Meet Sue Thompson

The following is an interview with Sue Thompson, a member of our Spina Bifida community.  She is an inspiration and her interview is full of great insights.


Q: Tell us about yourself.

A: I was born in Pocatello, Idaho in 1949.  Within 2 weeks I was brought to SLC Primary Children’s Hospital and assigned to Dr. Paul Milligan. The diagnosis was: open spine, floating pelvis (no hip sockets), turned knees and club feet–anticipate wheelchair life. With surgery, socket shelves were created (one slipped but the body compensated) and I started walking with crutches and hip braces at age three. I went to handicapped school at Idaho University for the first year and then public school (before the laws).  I graduated Murray High in’67, and U of U in ’73. I worked at the Grand Central Stores office, the LDS Hospital Blood Bank office and started teaching choral music in Hillcrest Jr High School in ’78-’79, Olympus High in ’89-’90, back to Hillcrest Jr. in ’90-’99, and Mueller Park Jr. in 2000-’09. I am now retired at age 60 without handicap benefits.

Q: Tell us about your parents.  What influence did they have in your life?

A: My parents are Marvin and Leila Thompson.  Dad worked for the government Gun Plant in Pocatello until it closed; moved the family to Murray in 1960 so he could work for his brother at Thompson Electric as a clerk and then as a postal clerk until a stroke required early retirement (he had previously survived open heart surgery twice). Mother stayed home with 4 children slightly over a year apart each (I am the 3rd).  She and Dad traveled to SLC each summer to leave me for surgery, would go home and then come back to get me for the school year (there were 13 surgeries before 7th grade).  She worked physical exercises at home, took me swimming at the YMCA and hauled me around in a body cast when I could be home.  She petitioned 2 school districts in Pocatello and one in Murray to let me attend public school on the promise that she would come to school twice a day to take care of my incontinence needs.  She let me play, learn household chores and taught me to be independent even when her in-laws and neighbors criticized.  She always wanted me to do for myself.  I learned hand control driving to go to the U of U, moved into apartment life when I graduated and mom cried with me when an engagement for marriage didn’t go through (I gave back the ring).  Now that Dad has passed, each week I take her to lunch in my vehicle or visit at her apartment.  Because of her preparing me, I have taught school for 31 years, sat on state boards and national committees for music education and traveled the world singing with the Tabernacle Choir.  I will always and forever sing her praises and consider her my hero!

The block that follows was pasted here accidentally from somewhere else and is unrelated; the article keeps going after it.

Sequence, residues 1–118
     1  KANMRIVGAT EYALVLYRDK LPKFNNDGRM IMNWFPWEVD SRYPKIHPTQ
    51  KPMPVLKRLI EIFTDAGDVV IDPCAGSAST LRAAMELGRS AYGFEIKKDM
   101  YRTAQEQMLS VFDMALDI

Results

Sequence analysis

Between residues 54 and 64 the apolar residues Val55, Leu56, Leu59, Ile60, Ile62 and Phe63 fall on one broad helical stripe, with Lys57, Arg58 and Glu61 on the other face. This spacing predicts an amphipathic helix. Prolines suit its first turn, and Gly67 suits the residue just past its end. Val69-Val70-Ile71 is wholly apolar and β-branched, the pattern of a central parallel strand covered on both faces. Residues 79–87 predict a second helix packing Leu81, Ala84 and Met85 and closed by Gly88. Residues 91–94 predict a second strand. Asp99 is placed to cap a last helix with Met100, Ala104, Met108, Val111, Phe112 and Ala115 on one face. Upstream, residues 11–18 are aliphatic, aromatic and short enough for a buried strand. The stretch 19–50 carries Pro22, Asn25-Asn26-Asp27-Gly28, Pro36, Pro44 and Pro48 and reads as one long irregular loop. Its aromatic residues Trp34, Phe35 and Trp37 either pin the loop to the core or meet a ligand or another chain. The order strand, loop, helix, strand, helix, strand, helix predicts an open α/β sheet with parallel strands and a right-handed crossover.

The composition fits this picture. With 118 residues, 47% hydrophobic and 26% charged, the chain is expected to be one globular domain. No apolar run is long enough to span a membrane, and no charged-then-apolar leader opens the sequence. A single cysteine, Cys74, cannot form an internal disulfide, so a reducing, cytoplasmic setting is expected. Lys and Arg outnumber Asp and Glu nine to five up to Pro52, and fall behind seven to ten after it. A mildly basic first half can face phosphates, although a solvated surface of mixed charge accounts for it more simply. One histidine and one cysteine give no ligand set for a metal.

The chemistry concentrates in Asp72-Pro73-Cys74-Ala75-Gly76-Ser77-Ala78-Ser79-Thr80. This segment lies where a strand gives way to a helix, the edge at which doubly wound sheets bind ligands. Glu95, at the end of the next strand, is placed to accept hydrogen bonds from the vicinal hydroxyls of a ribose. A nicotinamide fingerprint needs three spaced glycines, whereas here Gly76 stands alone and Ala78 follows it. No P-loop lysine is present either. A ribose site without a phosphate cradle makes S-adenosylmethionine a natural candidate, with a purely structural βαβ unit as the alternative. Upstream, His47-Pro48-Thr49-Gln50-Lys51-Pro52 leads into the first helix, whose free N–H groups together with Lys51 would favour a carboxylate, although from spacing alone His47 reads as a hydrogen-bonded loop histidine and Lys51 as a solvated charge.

My dad has been a quiet, patient man in by life, always around but never taking over.  My first realization of his protective ‘hovering’ was during my junior high years. The family went to an event in the U of U event center.  I was intent on my feet and crutches staying out of the way of people along the narrow walk way.  I happened to glance up and noticed my dad about 4 people ahead of me clearing a path but not too close to interfere with my own working the crowd.  Another time the family was in Salt Lake City.  I parked across the street from where the family already had arrived.  I started across and about half way I nodded to my dad on the other corner.  In my distraction my feet slid forward and I sat right on the ground in the middle of the street.  I panicked, knowing that I couldn’t be seen by the driver when the light would change and wondering if he had seen me fall.  Before I even moved I felt hands behind and under my arms.  It was dad who lifted me up, set me on my feet and let me walk with him to the curb.

Q: Tell us more about how you learned to drive.

A: In high school the sophomore students take driver ed class training and then log a number of hours driving with the instructor before getting their temporary permit.  I did the class but not the driving.  At Grand Central Stores office where I worked, the owner’s son had hand controls on his fancy car and my dad talked to him to get the address to order.  It cost $300 to have it shipped.  Dad installed it on a Saturday when I was at work and when he came to pick me up asked if I wanted to drive home.  He actually taught me how to drive but the driver ed teacher lived in our neighborhood and logged the hours with me during the summer after I graduated from high school.  It is often said of me that the only time I am ‘fast’ is when behind the wheel (that goes for my scooter also).

Q: What has your mobility been like?

A: I remember walking with crutches and braces during elementary school, taking a long time to walk home with my friends and trying to run away from home (around the block with my sister trailing me).  I went on a camp hike balancing a backpack and part of the way a sleeping bag (to get the completion merit badge).  I figured out how to carry my cello at school and used a shoulder bag for books at the U of U and at LDS for specimens in the Pathology Lab and teaching work for school.  I balanced on snow and learned to ski until my shoulders weakened about 7 years ago.  Due to mobility concerns, I played ‘catch up’ when in a crowd or would leave early to get a head start.  You know the drill—“be very inventive in order to keep up with the world.”